Draconian bills to restrict self-defense rights have a life of their own in Congress. There's always one lurking in the background, individually unlikely to become law, but ready to be deployed if a suitable high-profile crime or convenient crisis emerges to ease its passage. And that brings us to the "Gun Violence Prevention and Community Safety Act of 2020," a far-reaching bill hovering in the legislative shadows as the COVID-19 pandemic fuels fears around the globe and breaks down barriers to authoritarian measures.
Introduced in the Senate and the House at the end of January by Sen. Elizabeth Warren (D-Mass.) and Rep. Hank Johnson (D-Ga.), the bill would impose federal licensing for guns and ammunition, require universal background checks, ban so-called "assault weapons," outlaw normal-capacity magazines, regulate DIY firearms, and otherwise impose the full wish list of restrictions sought by those who envision armed government ruling over disarmed subjects.
With its massive intrusions into rights deeply cherished by much of the population, the proposed law is a recipe for massive noncompliance, confrontations between people and enforcers, and deepened political divisions. It's also exactly the sort of legislation that is usually dead on arrival, killed by opponents in Congress. But these aren't normal times. Officials with fever dreams of expanded power thrive on the fear generated by the COVID-19 pandemic.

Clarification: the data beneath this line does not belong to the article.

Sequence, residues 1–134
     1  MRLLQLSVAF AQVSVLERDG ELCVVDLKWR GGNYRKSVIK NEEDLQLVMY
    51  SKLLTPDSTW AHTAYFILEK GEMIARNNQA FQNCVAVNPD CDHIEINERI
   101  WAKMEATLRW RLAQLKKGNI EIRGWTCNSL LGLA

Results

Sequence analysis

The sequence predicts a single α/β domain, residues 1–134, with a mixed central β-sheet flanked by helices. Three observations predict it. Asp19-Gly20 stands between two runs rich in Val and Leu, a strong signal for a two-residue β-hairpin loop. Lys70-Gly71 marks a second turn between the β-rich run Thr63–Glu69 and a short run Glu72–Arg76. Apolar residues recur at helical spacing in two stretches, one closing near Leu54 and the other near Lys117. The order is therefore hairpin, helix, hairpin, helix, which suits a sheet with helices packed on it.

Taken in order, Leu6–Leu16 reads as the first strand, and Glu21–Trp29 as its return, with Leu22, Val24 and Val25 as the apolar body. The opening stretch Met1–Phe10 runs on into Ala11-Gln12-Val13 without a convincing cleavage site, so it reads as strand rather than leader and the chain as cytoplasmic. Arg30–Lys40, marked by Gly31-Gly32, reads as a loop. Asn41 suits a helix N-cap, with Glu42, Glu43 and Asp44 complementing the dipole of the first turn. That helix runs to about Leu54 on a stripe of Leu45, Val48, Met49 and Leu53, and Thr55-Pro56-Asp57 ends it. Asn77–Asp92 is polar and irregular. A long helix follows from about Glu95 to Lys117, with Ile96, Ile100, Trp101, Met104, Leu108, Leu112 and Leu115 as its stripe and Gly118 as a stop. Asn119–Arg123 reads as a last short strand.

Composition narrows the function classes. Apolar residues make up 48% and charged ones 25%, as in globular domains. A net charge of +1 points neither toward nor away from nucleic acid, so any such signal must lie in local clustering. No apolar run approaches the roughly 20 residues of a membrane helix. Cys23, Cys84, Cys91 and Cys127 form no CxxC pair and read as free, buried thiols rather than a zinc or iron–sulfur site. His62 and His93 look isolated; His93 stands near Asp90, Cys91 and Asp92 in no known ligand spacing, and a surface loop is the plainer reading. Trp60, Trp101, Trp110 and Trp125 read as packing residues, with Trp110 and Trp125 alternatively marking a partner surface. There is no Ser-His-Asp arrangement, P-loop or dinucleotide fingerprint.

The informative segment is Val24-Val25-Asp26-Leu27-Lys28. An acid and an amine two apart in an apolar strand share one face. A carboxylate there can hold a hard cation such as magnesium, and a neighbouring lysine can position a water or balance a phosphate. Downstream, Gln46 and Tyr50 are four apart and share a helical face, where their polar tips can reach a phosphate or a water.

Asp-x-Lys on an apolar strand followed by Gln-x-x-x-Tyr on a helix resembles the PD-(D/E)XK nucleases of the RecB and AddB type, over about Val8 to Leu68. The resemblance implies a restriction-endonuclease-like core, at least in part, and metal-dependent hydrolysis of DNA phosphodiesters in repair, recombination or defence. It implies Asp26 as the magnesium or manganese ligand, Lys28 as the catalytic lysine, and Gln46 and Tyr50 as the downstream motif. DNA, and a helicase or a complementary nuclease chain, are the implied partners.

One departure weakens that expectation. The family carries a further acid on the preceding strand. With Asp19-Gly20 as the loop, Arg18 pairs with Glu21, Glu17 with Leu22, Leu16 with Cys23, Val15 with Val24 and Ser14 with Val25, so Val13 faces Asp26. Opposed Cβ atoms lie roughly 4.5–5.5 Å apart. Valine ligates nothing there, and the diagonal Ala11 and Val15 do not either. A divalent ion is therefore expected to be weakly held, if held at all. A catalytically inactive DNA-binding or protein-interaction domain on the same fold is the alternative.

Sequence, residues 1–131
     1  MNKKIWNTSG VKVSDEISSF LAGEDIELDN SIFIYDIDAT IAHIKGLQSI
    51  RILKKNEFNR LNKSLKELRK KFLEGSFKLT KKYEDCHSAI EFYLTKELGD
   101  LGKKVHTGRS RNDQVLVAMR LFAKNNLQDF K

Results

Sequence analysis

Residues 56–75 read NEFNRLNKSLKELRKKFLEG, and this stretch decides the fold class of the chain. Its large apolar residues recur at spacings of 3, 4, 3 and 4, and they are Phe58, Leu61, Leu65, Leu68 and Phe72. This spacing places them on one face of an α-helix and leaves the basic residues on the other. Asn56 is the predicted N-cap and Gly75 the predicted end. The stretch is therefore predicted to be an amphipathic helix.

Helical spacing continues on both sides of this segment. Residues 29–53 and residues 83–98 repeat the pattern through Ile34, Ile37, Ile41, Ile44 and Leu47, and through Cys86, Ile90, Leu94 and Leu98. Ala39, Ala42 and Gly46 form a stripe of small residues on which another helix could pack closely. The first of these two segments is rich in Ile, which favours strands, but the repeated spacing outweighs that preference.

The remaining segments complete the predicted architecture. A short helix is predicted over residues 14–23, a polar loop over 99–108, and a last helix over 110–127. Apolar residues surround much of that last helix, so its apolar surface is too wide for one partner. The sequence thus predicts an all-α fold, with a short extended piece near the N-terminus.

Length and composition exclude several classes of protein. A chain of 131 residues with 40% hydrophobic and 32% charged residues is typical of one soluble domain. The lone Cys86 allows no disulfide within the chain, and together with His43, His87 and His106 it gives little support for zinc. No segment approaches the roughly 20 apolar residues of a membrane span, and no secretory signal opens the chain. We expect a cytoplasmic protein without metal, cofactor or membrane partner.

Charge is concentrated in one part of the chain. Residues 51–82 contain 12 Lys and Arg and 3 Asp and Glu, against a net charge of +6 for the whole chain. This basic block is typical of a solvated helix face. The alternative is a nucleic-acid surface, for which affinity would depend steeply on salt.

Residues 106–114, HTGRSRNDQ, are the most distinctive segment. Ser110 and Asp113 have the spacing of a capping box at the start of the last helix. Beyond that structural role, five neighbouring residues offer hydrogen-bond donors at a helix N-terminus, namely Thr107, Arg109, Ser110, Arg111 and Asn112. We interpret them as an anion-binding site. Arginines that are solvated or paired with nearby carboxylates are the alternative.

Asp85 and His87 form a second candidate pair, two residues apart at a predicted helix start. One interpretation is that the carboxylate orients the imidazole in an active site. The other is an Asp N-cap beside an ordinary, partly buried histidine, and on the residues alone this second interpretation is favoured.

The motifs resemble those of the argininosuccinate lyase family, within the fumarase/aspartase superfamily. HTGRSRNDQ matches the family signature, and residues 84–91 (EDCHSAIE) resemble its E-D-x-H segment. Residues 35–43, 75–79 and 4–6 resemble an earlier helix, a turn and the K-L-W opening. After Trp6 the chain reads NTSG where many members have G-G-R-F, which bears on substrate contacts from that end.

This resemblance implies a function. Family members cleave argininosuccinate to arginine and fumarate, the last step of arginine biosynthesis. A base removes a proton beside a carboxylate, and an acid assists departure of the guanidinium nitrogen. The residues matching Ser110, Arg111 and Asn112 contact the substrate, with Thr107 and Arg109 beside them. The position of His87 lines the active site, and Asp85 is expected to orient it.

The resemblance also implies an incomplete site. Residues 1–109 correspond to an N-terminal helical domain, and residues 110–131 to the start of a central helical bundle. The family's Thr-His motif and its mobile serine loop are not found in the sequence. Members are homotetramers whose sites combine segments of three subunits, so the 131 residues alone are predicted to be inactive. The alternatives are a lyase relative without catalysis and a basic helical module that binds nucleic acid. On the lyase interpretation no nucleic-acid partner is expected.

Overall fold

"As the coronavirus pandemic brings the world to a juddering halt and anxious citizens demand action, leaders across the globe are invoking executive powers and seizing virtually dictatorial authority with scant resistance," The New York Times warned on March 30.
"The laws are taking swift hold across a broad range of political systems—in authoritarian states like Jordan, faltering democracies like Hungary, and traditional democracies like Britain. And there are few sunset provisions to ensure that the powers will be rescinded once the threat passes," the Times added.
The restrictions described in the article are wide-ranging, covering everything from detaining people, to surveillance, to censorship of speech aimed at politicians and policies.
In the U.S., the Department of Justice floated the idea of indefinite detention—holding people without trial until such time as the emergency ends, if ever. California Gov. Gavin Newsom speculated about the possibility of martial law "if we feel the necessity." Washington D.C.'s Mayor Muriel Bowser wants to arrest anybody who ventures from home for an unapproved reason (and toss them in a virus-ridden jail). And jurisdictions across the country have ordered gun stores—among other "nonessential" businesses—closed for the duration of the crisis (although Los Angeles County and New Jersey are among those that walked back the orders under public pressure and threat of legal action).
These overreaching public officials are enabled by fear.
"All animals experience fear—human beings, perhaps, most of all. Any animal incapable of fear would have been hard pressed to survive," wrote economic historian Robert Higgs in 2005. The author of Crisis and Leviathan (1987), a book-length examination of how bad times drive government to grow in power and scope, Higgs added: "The people who have the effrontery to rule us, who call themselves our government, understand this basic fact of human nature. They exploit it, and they cultivate it."